Researchers Look In Tank And See Promising Cluster Of Nearly-Extinct Babies

There are only about 100 of these animals on Earth …

Recently, researchers at Tasmania’s Institute for Marine and Antarctic Studies (IMAS) peeked into a tank and saw something amazing. Floating in the water was a cluster of yellow blobs — tiny, critically endangered babies whose species the researchers have been working tirelessly to save from extinction.

“We’re delighted to announce the safe arrival of 21 baby red handfish,” IMAS wrote in a Facebook post about the fish.

red handfish hatchlings
Andrea Williamson

According to the Handfish Conservation Project, red handfish are extremely rare fish native to southeastern Tasmania. Researchers believe there are only about 100 adult red handfish currently alive.

Red handfish are unique, beautiful sea creatures. According to Australian Geographic, the fish get their name from their "apparent use of [their] fins as hands," which often makes it look like they're walking along the sea floor.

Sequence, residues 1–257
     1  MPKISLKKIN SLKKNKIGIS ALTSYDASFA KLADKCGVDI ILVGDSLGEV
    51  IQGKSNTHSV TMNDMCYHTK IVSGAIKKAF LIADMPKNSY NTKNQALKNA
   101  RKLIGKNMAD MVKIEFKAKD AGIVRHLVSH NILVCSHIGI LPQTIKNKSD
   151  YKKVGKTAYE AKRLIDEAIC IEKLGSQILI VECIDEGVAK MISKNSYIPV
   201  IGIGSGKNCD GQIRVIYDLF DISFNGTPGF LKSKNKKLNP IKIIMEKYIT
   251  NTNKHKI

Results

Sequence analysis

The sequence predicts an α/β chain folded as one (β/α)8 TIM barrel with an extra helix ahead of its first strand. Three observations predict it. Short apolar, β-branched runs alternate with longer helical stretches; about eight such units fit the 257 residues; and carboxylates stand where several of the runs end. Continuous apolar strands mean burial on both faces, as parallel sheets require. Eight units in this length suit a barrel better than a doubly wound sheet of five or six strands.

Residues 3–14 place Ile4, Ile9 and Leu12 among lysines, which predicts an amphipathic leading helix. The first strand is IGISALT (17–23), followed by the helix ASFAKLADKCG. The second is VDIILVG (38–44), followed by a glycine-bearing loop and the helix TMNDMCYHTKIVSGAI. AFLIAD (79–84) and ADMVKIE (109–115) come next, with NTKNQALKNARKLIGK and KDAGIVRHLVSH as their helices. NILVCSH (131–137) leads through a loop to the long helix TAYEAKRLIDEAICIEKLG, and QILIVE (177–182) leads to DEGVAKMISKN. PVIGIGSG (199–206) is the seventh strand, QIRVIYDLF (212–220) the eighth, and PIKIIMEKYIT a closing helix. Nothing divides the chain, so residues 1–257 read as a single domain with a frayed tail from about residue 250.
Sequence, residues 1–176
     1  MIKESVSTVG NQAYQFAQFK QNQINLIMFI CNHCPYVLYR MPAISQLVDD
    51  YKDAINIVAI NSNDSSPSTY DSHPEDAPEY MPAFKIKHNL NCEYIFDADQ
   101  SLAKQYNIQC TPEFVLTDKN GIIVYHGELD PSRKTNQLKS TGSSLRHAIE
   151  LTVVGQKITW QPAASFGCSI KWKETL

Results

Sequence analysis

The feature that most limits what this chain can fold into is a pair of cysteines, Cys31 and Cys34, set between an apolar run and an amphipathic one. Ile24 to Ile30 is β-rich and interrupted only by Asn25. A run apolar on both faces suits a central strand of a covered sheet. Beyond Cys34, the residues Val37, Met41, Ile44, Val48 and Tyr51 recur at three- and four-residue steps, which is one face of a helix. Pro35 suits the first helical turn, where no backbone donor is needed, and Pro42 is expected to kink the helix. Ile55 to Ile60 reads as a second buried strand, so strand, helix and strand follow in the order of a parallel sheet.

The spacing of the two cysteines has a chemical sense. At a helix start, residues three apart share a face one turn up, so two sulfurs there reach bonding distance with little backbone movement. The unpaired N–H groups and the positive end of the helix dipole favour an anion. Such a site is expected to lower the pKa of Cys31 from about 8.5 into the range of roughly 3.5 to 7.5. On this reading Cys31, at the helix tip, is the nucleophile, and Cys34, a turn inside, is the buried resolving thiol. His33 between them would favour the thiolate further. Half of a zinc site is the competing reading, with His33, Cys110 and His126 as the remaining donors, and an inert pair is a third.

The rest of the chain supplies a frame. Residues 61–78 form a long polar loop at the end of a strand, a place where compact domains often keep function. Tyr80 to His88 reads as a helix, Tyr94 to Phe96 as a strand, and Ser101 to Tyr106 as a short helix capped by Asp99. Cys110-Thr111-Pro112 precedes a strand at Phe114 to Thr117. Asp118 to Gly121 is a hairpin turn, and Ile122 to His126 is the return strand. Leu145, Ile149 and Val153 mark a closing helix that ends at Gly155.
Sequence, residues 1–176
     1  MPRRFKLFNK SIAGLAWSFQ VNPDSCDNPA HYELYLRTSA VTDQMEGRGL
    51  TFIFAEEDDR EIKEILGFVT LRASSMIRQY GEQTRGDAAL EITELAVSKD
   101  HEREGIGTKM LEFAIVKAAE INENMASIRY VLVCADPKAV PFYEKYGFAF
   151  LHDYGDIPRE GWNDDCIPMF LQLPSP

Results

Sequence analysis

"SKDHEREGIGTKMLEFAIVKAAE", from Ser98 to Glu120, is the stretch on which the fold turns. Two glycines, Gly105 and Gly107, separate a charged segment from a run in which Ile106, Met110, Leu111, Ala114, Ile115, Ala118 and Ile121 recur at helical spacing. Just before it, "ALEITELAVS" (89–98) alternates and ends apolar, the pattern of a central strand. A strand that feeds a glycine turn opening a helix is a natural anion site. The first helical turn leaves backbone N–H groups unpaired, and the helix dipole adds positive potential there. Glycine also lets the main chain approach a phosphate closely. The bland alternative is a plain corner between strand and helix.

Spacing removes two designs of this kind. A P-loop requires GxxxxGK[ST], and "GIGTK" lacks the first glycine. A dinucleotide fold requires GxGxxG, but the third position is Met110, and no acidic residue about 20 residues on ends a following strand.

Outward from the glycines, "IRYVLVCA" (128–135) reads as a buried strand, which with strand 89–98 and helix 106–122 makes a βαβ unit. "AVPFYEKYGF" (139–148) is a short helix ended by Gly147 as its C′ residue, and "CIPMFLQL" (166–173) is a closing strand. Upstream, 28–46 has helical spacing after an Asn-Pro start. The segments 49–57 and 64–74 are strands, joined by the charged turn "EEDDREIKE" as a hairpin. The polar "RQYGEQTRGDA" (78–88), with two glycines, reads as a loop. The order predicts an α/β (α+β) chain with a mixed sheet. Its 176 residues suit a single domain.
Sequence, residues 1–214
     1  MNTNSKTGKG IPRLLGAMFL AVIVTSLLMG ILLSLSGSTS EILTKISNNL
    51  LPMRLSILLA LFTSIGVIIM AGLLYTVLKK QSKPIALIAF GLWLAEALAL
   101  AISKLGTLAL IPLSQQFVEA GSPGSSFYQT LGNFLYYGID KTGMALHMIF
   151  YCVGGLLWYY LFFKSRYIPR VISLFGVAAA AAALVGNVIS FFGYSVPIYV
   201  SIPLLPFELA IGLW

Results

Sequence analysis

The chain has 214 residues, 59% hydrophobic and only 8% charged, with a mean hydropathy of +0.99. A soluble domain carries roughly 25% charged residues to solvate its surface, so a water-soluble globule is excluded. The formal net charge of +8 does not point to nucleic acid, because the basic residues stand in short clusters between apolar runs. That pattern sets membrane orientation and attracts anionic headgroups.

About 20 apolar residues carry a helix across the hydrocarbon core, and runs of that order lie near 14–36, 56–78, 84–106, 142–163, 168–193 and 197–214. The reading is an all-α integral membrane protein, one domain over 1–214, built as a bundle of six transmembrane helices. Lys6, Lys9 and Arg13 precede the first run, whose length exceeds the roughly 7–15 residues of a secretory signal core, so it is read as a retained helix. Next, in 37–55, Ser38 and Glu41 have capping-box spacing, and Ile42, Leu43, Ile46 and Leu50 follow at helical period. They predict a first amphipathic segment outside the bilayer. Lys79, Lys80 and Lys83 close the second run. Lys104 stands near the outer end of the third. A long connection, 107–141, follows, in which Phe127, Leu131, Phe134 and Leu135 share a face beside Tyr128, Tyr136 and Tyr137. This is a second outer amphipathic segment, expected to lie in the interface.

Though this recent development might seem miniscule, the successful breeding of these hatchlings is an enormous achievement.

“Despite being a small clutch, this is actually equivalent to a quarter of the known wild red handfish population in Tasmania,” IMAS researcher Dr. Andrew Trotter said in a press release on the IMAS site. “It’s very encouraging to have successfully bred the species in captivity in two consecutive breeding seasons.”

fish with babies
Andrea Williamson

When these babies are ready, animal scientists are eager to get them into the wild, where they belong.

“Our aim now is to grow this year’s hatchlings into healthy sub-adults so we can release them and bolster the dwindling wild population,” Trotter said in the press release. “Ultimately, we want them to breed in the wild.”

baby fish
Andrea Williamson

Researchers are tentatively hopeful for these fish and are prepared for the uphill battle to come.

“We’re excited that the captive population and breeding program is making good progress,” IMAS threatened species and ecosystems team co-leader, Dr. Jemina Stuart-Smith said in the release. “But there is more to do.”